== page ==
Jach Discusses: Derek – Series 1

Posted: September 27, 2013 by Jachelle in General Media, Jach, Recaps, Television
Tags: , , , , ,

I’ve been a fan of Ricky Gervais for years now, but his new series, Derek, was nothing like I was expecting. And I mean that in the best possible way.

I was first introduced to Gervais years ago by way of my then roommate. She was a big fan of The Office and we watched every hilarious, excruciatingly embarrassing moment together. Later on, when Extras came around, we did exactly the same all over again. We would crack up again and again over our favorite moments. So when I saw Netflix was streaming his new series, Derek, I tuned in expecting more of the same. I couldn’t have been more wrong.

There are a lot of times when I become disenchanted with the media today. I’ll always love it, of course, but sometimes it gets me down. Somewhere amid fighting reality stars and epic melodrama I just kind of give up. Then a show like Derek comes around and breathes new life back into me.

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Filmed in a Mockumentary style, Derek introduces us to Derek Noakes and his small, but happy, little world. Derek works at Broad Hill nursing home. And through each of the series’ seven episodes, we meet Derek and all the people who mean the most to him. There is his best friend, Dougie, (Karl Pilkington in his debut acting role) who is the home’s caretaker. Kev (David Earl) the perpetually sex-crazed layabout who never actually does anything. And the home’s manager, Hannah (Kerry Godliman). Their lives aren’t flashy or even particularly interesting. In fact, you probably meet people like them daily and never give them a second glance. They are the misfits and outcasts that no one else has time for, but the way they come together as a family to take care of the residents of Broad Hill is incredibly touching. This isn’t a show about people exploiting themselves or even doing anything out of the ordinary. It’s a show about kindness and being good to others. And that’s what really captured my attention more than anything. It makes me incredibly happy to see a television show where the main character is unendingly kind and only thinks about helping others.

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Gervais has said that Derek is one of the best characters he has ever created and he’d be happy playing him forever. He said Derek is the first real hero he’s ever played. Derek is the type of person who loves to help others. In one episode he talks about how much he loves hearing the residents laugh, even if it is at his expense, because it makes him laugh too. He’s the type of man who loves wrestling because it’s really just “strong cuddling.” His job is hard, and it breaks his heart every time one of his friends passes away, but he’d rather it be him that’s sad because he knows that they’re happy. He accepts everyone, is kind to everyone, and includes them all in his little world, because that’s just the type of man that he is. Before the pilot was released, Gervais received some criticism for playing an autistic character. I think many people believed that it would be played off for laughs. However, since the pilot and the subsequent episodes have been released, much of that has died down. Gervais plays Derek with grace and poignancy. Everything about it was perfectly summed up in episode two. When a council official visits the home to supervise budget cuts, he suggests that Derek be tested for Autism. This was Derek’s response:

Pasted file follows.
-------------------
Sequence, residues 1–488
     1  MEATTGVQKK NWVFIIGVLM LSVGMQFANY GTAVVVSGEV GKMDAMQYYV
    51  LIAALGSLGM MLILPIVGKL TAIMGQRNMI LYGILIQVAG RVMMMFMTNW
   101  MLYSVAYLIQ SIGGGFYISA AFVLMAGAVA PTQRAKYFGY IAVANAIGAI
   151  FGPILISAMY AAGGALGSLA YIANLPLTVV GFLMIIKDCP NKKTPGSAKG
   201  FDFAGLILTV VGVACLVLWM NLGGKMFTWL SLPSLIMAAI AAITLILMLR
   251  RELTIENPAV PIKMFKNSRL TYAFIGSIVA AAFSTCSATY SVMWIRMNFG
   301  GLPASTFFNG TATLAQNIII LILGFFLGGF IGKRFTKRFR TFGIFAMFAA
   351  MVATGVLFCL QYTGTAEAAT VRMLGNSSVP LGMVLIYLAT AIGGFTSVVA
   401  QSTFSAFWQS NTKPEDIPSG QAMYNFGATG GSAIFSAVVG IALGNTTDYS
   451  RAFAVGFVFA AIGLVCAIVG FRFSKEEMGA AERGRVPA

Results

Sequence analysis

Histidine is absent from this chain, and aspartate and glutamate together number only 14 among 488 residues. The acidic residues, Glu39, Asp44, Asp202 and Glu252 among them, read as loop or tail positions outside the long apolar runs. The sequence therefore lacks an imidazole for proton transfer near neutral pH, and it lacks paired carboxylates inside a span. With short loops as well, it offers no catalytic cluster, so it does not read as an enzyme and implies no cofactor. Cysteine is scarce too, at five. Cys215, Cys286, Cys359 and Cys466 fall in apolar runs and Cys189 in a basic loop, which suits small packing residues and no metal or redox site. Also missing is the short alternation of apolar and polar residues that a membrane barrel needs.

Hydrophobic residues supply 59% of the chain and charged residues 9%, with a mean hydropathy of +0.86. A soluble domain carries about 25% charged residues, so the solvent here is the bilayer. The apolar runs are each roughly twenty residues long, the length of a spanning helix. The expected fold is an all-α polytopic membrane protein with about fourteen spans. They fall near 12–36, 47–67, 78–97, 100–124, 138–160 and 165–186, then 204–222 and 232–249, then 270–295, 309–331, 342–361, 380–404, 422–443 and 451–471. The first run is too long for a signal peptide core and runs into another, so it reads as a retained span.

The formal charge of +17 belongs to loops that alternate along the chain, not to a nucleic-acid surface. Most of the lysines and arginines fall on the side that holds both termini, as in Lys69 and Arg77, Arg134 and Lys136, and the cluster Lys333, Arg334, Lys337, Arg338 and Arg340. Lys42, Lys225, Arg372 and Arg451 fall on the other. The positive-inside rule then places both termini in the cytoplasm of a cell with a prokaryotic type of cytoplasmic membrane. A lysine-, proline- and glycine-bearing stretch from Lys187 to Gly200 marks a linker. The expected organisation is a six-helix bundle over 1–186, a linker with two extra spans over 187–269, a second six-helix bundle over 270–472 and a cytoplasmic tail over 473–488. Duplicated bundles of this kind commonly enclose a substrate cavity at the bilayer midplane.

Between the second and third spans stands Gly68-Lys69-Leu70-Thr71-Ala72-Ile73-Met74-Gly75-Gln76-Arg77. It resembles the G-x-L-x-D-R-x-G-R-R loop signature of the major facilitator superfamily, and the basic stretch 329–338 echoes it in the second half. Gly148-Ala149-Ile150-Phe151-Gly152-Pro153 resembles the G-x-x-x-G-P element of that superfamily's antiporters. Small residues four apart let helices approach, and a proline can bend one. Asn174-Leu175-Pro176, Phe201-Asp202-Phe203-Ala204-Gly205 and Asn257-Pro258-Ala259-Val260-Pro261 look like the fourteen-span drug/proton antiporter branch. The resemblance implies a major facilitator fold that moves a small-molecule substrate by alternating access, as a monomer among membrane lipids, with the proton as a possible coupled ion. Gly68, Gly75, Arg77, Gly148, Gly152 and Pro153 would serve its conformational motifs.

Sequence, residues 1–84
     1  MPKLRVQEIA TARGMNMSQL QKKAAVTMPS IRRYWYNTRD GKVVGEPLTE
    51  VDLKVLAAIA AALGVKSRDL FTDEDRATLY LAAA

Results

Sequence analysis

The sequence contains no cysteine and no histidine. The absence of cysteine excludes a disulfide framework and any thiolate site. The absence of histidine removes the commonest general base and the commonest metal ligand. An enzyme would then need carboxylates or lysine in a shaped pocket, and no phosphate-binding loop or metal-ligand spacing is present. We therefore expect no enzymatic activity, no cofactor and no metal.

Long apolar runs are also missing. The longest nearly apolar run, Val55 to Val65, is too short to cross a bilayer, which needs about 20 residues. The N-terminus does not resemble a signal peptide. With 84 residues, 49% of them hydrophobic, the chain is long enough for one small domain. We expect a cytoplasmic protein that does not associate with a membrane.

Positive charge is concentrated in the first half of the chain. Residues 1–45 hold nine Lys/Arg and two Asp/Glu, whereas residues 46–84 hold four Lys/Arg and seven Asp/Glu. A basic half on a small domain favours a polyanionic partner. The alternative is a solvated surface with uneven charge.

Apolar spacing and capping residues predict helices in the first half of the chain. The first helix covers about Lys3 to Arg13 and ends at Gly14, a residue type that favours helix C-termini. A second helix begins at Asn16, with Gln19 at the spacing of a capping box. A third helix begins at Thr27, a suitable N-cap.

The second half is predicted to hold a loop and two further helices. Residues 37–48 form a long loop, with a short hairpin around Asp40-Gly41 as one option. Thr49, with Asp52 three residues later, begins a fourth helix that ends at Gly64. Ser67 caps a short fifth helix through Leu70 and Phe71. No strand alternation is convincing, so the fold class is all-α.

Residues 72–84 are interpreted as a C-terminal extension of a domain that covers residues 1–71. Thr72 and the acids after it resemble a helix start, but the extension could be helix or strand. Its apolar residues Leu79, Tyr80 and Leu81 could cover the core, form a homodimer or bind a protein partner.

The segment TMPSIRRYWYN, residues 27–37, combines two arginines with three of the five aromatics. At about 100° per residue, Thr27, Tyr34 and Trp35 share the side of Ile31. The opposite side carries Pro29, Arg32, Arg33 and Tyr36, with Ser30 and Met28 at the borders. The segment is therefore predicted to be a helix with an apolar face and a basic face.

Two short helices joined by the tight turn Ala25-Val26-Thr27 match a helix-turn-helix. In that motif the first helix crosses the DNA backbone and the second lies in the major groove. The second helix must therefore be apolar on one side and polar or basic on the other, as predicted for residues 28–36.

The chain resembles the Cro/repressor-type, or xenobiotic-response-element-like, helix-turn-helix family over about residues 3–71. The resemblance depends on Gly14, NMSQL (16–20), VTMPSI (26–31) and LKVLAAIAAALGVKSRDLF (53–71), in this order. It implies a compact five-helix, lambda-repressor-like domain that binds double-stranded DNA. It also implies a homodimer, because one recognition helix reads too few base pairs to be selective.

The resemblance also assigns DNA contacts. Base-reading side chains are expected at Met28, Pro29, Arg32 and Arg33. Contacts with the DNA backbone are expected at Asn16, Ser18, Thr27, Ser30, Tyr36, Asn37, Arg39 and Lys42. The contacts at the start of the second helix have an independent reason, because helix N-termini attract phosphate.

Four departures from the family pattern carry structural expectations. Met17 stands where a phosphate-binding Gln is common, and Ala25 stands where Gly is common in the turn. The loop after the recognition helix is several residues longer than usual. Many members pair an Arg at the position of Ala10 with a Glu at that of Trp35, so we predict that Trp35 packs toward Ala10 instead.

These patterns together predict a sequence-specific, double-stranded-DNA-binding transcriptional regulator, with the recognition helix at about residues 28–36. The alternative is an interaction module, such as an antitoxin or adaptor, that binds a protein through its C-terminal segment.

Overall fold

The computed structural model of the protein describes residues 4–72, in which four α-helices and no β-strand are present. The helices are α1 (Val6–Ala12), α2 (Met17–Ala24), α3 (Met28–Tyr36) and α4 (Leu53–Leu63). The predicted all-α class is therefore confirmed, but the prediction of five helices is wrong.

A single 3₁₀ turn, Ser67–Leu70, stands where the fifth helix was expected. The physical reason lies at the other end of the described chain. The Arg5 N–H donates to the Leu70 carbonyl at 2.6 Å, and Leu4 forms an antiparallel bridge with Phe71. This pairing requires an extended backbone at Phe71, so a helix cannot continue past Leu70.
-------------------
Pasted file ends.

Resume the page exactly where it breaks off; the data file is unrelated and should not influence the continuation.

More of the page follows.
In addition to Derek, the other standout performance of this series is from Kerry Godliman who plays Hannah. Hannah is the home’s manager and is one of Derek’s best friends. She’s kind and hard working, and like Derek, she puts everyone ahead of herself. Broad Hill is her life and it isn’t always great. She works more hours than she should, it often gets in the way of her love-life, and she’s always the one taking care of everything so that others don’t have to. But she never whines or complains; she simply smiles and goes on with things. She’s an incredibly strong and sweet character and she lights up every scene she is in. I think Hannah, and Godliman’s portrayal of her, is a credit to the caretakers of this world. We should all be so lucky to have someone like her in our lives.

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Each of the episodes last thirty minutes and seamlessly switch back and forth between comedy and sadness. Sometimes they’ll even hit you with both at the same time. I tend to be pretty emotional in general when it comes to these sorts of things. I’ve been known to get choked up at everything from movie trailers to commercials. But there was not a single episode of this series that didn’t leave me in tears. And the finale? Forget it. I haven’t cried that hard over a television show since the Ponds left Doctor Who. I really feel like Gervais struck gold with this simple, heart-warming series. I want more of their kindness and humor in my life. After watching the entire series back to back, I am inevitably left wanting more. So I suppose it’s a good thing that series 2 is already in the works. In the meantime, I highly recommend everyone watch this wonderful show. All seven episodes are available for streaming on Netflix. Just make sure to keep some tissues handy. And remember that kindness is magic.

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